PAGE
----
You asked: [this is the second part of last week’s reader question] “If any overtime is to be honored and it occurred on a holiday, is there any requirement as to “double time”?”
In order to answer that, let’s go back to the law again.
According to the Fair Labor Standards Act (FLSA), employers are not required to compensate employees for unworked time, such as company holidays (including federal holidays). Whether an employee is paid for an unworked holiday is subject to the employer’s compensation policy. If an employee works through a company holiday, the employer is not required to pay extra (time and a half or double time, for example) unless the employee is under a contract that stipulates extra pay for working on a holiday.
However, as we saw last week, employers are required to pay for all hours worked, whether or not those hours fall on an unpaid holiday. Employers are also required to pay a minimum of time-and-one-half for every hour of overtime worked by non-exempt employees. So, if your employee worked through a company holiday, that time must be paid (straight time if it falls within the normal work hours). If those hours put her over the 40 hours in one work week, and she is non-exempt, then she must be paid time-and-one-half for every hour of overtime, whether it fell on a company holiday or not.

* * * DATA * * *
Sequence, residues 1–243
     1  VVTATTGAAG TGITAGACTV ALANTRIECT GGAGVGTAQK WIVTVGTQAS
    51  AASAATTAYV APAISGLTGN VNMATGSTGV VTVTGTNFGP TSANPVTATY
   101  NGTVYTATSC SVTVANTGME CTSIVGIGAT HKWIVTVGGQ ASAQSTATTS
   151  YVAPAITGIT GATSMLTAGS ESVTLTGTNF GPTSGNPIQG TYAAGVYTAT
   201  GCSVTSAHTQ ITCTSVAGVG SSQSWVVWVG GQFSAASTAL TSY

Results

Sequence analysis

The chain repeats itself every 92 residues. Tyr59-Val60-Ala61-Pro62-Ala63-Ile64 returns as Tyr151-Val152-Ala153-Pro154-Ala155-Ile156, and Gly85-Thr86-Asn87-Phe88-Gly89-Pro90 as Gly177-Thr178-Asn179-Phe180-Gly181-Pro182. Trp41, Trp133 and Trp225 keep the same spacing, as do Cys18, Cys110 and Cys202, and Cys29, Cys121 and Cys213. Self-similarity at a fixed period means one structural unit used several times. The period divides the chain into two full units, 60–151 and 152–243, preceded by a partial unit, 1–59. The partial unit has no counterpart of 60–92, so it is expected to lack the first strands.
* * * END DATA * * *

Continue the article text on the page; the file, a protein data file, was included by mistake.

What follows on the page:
One more thing to consider (of course!) is your company’s compensation policy. If your policy states that she is paid for the holiday whether worked or not, that would then be calculated as 16 hours (8 hours holiday pay plus the 8 hours actually worked). And, as always, unworked time, paid or not, is not counted as hours worked when calculating overtime pay.
Before we leave the subject of holidays, a few more things to remember:
- No Federal law exists that requires an employer to provide time off, paid or otherwise, to employees on nationally recognized holidays. Whether or not your company schedules holidays is completely up to the company.
- Employers are obligated to provide reasonable accommodations for the religious practices of its employees (unless, of course, it can show that the accommodation would result in undue hardship for the business). Since unpaid time off is generally accepted as a reasonable accommodation, many companies add a “floating holiday” to their list holidays.
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